Security

As networked computing devices become both more pervasive and more central to infrastructure and daily life, the potential for harm to result from security failures is increasing rapidly. Already, successful attacks have crippled large networks and exposed personal and financial information to misuse. But networks are beginning to connect far more than computers and cell phones; automobiles, building materials, and home appliances are getting ready to go online. At the same time, adversaries have become highly skilled, efficiently organized, and motivated by financial or even political gain.

This dynamic of greater connectivity, escalating reliance on networked systems, and the gains to be made from attacking these systems has made security a critical technical and policy issue. In particular, making systems more secure can put other values — privacy and functionality, for example — at risk. With funding from the NSF-funded Team for Research in Ubiquitous Secure Technologies (TRUST) and from the Institute for Information Infrastructure Protection (I3P), the Samuelson Clinic is investigating how technology and policy interact in the realms of research, the government, and the marketplace.

 

TitleYearType
Samuelson Clinic Submitted Comments to the California Public Utilities Commission on Privacy and the "Smart Grid" on behalf of the Center for Democracy & Technology 2010Clinical Project, Comments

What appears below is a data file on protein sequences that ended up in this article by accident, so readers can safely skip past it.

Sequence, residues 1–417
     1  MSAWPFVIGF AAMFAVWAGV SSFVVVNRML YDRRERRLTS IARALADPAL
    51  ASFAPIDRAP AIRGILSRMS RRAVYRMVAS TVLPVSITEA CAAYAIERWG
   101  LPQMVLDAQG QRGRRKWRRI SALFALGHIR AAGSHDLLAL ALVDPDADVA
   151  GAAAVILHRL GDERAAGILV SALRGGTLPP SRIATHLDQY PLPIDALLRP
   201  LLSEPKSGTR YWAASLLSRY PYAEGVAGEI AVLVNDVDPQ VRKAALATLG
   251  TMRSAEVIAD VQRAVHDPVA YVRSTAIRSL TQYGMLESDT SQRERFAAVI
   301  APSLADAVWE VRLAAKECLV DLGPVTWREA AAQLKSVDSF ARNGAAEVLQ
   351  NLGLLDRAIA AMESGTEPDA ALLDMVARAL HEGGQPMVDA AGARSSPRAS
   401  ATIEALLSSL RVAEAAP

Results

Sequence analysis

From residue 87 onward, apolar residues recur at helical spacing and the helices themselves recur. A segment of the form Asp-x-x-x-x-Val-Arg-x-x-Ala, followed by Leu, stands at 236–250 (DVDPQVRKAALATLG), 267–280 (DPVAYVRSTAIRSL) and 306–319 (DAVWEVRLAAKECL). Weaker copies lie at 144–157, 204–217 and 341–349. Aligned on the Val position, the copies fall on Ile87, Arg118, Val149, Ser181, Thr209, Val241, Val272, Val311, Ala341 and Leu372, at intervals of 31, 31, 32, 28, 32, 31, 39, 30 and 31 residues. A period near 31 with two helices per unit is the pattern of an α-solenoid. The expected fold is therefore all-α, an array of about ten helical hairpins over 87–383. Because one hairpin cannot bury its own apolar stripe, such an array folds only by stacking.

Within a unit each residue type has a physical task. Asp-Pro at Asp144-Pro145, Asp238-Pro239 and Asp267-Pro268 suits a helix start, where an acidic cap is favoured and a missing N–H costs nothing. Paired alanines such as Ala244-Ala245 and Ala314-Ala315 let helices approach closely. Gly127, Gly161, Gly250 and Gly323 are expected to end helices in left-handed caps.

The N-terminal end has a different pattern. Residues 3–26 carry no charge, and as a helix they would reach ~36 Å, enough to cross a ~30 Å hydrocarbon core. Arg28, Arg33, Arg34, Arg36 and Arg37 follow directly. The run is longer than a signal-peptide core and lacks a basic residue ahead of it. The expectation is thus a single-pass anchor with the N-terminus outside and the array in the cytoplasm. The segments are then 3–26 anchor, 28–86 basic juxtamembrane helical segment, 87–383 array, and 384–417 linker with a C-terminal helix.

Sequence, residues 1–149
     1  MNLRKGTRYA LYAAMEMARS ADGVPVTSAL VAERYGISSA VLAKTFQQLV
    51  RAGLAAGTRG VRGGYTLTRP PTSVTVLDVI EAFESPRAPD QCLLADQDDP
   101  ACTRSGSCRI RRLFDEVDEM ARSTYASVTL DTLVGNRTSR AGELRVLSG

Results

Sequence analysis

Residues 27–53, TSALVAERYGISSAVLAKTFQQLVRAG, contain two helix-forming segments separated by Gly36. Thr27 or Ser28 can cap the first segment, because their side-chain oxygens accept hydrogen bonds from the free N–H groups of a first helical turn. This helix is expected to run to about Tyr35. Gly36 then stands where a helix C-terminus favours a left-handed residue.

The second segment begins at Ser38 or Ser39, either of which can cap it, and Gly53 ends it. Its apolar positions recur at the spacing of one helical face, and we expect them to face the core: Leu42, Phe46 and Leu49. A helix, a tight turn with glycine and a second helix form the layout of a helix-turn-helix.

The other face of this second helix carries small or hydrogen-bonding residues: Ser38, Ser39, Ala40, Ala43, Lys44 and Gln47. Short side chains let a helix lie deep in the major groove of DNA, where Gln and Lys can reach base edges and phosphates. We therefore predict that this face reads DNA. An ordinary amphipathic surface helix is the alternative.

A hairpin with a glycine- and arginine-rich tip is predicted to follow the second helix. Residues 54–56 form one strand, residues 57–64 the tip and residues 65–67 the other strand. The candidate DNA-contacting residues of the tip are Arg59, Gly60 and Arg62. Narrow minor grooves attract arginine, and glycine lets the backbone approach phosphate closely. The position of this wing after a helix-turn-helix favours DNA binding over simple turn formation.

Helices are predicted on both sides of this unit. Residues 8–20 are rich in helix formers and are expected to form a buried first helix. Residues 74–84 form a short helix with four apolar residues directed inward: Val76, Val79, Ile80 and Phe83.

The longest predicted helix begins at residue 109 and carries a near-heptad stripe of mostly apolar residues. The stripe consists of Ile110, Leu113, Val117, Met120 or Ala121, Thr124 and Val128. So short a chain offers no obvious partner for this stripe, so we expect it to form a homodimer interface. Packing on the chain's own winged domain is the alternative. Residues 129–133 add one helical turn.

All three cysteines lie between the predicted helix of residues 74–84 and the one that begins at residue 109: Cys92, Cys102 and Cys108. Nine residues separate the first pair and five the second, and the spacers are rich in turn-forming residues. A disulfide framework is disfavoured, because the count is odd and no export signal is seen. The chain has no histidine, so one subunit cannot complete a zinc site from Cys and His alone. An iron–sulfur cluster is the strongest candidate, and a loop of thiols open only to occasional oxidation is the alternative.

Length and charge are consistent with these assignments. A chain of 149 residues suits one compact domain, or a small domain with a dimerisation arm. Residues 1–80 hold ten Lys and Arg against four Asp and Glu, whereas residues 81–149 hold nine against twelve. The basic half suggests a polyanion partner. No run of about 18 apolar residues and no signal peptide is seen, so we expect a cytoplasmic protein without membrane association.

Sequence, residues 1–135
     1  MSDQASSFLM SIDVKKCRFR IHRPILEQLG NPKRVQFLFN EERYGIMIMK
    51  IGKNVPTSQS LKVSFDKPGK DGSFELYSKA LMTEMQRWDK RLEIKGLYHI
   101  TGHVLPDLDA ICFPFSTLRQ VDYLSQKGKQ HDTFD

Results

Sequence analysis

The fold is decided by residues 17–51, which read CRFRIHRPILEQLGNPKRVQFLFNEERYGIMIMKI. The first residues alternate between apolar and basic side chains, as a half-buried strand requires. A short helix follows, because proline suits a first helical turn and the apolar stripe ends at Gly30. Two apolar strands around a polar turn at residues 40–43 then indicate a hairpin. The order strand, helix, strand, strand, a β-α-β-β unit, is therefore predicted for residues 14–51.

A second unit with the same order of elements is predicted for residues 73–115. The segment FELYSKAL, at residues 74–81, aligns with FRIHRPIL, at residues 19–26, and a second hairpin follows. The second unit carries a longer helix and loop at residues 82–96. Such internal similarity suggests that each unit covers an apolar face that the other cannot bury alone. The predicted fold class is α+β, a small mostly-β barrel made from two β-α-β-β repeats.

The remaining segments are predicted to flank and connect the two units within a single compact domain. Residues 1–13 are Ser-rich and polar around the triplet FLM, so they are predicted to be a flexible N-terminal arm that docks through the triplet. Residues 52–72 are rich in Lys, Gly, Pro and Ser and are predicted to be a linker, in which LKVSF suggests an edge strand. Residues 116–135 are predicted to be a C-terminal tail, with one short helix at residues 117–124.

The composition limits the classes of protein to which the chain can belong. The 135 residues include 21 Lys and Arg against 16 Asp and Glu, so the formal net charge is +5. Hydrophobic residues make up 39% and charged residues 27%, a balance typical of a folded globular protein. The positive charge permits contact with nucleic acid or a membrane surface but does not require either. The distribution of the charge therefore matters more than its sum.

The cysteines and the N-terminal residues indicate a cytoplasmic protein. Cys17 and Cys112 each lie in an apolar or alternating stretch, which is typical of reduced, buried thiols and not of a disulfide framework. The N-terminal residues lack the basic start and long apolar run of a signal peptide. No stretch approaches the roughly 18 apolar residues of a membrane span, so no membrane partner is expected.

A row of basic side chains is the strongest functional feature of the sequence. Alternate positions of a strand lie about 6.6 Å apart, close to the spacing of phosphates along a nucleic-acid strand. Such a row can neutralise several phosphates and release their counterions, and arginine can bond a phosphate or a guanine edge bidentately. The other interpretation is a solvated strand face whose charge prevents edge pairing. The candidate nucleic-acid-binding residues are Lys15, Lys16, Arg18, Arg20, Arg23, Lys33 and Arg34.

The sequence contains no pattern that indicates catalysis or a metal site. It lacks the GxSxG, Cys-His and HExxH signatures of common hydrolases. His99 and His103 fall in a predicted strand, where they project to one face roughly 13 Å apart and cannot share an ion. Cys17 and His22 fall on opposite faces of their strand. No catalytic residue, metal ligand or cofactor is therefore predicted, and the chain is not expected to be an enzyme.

New Study Recommends Reforms for Security Breach Notification Laws2007Research Paper
User Choices and Regret: Understanding Users' Decision Process about Consensually Acquired Spyware2006Research Paper
Samuelson Clinic Submitted Comment to U.S. Copyright Office on behalf of Edward Felten and J. Alex Halderman2005Comments
Samuelson Clinic Released Paper on Legal, Technical, and Software Interface Design Issues Related to Spyware2005Research Paper, Presentation
Stopping Spyware at the Gate: A User Study of Privacy, Notice and Spyware2005Research Paper
Enforcing Privacy Rights Symposium 20022003Research Paper
Threat Analysis of the geopriv Protocol, co-authored with M. Danley, J. Morris, and J. Peterson, Internet Engineering Task Force (IETF) Internet-Drafts, The Internet Society2003Research Paper
IDs - Not That Easy: Questions About Nationwide Identity Systems2002Report
geopriv Requirements, co-authored with Jorge Cuellar, John B. Morris, Jr., Jon Peterson, and James Polk, Internet Engineering Task Force (IETF) Internet-Drafts, The Internet Society2001Research Paper